HUNTSVILLE, Ala. - Crews are in the process of tearing down one of the Tennessee Valley's most iconic malls to replace it with a mixed use development. This trend seems to be taking off all over the Rocket City.
Will these residential "eat, play, do" models be sustainable or will their name be mud?
It took only 32 years for the once jam-packed Madison Square Mall to become abandoned.
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"The fact that it was a one, large, commercial use means that as that mall model starts to struggle, and you're seeing it struggle across the country, it makes it hard for it to come back," said Dennis Madsen, Huntsville Manager of Urban and Long-Range Planning.
Rising from the ashes of these once-beloved malls, though, are the latest in architectural buzzwords, mixed use developments. While the term may be relatively new, the concept behind it isn't.
"It's really the historic way that cities developed over time," said Madsen.
He said it's ultimately about smart land planning, which means developing a piece of property for more than just one use.
"It really is very much at its core about being a human-scaled development," he said. "It's about not just being simply reliant on road infrastructure to connect all these pieces."
By combining residential, office and commercial in a confined space, Madsen said these developments also become more sustainable than their shopping mall cousins.
"If you have a mix of uses on a site, it can kind of buffer if one business, say, falls off, you've still got a residential use that is kind of propping up the viability of that site," he said.
Which is why they seem to be taking over, one trackhoe at a time. Roughly half a dozen mixed use developments will soon exist in the valley, all within 10 miles of each other.
Madsen said this will allow the city to stay uniquely Huntsville.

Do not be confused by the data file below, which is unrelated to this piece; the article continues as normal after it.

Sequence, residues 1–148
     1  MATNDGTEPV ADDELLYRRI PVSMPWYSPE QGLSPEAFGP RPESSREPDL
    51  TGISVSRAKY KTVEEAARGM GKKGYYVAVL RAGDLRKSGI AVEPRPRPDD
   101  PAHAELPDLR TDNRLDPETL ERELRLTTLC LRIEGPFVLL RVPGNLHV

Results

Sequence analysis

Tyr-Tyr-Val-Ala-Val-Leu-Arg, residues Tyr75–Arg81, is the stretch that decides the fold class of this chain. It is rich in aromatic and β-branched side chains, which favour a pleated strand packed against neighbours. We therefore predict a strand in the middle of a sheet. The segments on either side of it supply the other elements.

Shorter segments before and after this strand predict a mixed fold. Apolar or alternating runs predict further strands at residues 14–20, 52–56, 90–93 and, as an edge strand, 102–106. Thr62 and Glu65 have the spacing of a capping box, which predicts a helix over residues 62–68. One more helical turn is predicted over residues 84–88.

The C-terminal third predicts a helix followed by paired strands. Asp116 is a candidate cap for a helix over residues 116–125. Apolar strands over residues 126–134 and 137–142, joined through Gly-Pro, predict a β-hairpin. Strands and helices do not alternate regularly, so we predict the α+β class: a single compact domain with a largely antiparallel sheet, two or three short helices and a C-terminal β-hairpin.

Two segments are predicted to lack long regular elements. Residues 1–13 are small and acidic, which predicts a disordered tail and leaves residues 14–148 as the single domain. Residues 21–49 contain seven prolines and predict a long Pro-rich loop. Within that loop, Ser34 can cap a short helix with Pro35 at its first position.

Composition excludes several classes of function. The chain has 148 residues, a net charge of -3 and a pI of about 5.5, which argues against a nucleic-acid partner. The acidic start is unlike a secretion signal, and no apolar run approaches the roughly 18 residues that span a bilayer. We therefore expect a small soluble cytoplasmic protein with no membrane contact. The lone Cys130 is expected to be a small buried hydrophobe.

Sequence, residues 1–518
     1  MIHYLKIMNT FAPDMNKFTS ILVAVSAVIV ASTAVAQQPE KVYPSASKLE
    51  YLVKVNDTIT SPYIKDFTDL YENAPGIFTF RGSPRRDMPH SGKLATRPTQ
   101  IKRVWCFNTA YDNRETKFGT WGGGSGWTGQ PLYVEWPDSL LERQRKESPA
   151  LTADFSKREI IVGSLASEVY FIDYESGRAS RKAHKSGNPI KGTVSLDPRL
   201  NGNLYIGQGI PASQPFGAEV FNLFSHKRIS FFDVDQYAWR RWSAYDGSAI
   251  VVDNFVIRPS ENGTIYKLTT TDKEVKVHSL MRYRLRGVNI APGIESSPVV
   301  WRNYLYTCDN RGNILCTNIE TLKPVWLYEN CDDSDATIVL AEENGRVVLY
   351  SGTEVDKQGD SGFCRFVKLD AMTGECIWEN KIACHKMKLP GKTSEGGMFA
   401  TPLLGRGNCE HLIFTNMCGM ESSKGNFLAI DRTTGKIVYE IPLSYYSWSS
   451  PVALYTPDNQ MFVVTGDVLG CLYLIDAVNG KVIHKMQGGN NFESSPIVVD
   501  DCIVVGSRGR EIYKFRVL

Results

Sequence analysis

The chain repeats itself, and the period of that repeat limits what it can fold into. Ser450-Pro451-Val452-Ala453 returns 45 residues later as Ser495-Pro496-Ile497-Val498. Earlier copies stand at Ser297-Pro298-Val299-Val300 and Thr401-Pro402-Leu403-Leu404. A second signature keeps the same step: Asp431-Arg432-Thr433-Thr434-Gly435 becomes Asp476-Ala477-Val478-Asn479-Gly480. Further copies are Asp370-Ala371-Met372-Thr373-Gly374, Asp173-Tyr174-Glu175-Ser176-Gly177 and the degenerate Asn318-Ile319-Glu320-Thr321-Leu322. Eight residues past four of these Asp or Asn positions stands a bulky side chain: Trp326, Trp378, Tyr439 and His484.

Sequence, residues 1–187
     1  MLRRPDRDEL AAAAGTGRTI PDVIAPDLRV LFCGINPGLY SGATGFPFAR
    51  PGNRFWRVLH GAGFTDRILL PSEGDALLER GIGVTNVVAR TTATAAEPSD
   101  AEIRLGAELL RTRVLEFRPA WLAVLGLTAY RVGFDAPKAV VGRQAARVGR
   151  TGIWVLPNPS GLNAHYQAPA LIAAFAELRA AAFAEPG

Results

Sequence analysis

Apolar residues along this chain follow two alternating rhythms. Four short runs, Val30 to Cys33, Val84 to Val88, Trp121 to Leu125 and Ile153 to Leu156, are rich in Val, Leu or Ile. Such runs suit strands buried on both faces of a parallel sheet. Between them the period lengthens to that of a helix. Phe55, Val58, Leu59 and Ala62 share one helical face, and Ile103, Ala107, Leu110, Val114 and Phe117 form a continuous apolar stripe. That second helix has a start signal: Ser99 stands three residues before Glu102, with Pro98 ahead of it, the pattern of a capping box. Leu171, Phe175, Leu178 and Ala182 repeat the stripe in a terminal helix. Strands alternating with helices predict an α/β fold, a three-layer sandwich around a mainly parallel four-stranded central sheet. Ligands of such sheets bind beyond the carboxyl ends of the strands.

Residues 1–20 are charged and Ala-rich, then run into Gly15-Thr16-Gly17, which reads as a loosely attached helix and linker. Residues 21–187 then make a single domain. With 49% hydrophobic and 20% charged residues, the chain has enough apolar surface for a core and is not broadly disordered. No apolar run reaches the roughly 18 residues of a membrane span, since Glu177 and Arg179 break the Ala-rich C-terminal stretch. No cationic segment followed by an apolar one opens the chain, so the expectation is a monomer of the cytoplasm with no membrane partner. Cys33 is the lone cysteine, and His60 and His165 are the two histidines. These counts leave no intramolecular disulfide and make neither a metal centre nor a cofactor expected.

"Allowing for more mixed use development allows you to vary what's being offered and also support local a little bit better by having smaller spaces," he said. "By having something that has a little bit more of a local feel, you can encourage more local entrepreneurship."
And more entrepreneurship, ultimately means a more vibrant economy.
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2003 - Village of Providence
This traditional neighborhood development was the first of its kind in Huntsville, combining a variety of housing with educational, civic and commercial facilities located within walking distance.
2007 - Bridge Street Town Centre
The new model for shopping in the Tennessee Valley was first described as the “premier mixed use lifestyle center." While it lacks the residential aspect of most true mixed use developments, it still boasts a variety of retail and office spaces.
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2014 - Twickenham Square
Built on the former site of city public housing, it became known as the "Gateway to Downtown."
2017 - MidCity
Purchased for just $5 million, MidCity will replace the old Madison Square Mall. As part of its contract, 70 percent of this mixed use development's businesses must be new to Huntsville.
2017 - CityCentre
Described as a mixed use, urban experience center, this complex replaces the long-standing Holiday Inn.
2018 - Town Madison
Located near Interstate 565 and Zierdt Road, Madison's up-and-coming mixed use development is described as a “premier regional development."
TBD - Constellation
This long-rumored, on-again, off-again development located between the Von Braun Center and the Memorial Parkway is said to start site work "very soon."
TBD - Coca Cola Bottling Plant Property
Once a possible site for a new baseball stadium, this highly coveted property was said to become a mixed use development in 2014, but it has yet to be sold.
TBD - Huntsville Times Property
The newspaper's old stomping grounds were demolished years ago, but future plans for the site could soon make headlines with another mixed use development.
For more stories about the Huntsville Times property, click here.
RIP - Sweetwater
Once dubbed a sweet spot for growth, this now defunct Decatur mixed use development quickly became a sore spot for residents and city officials alike.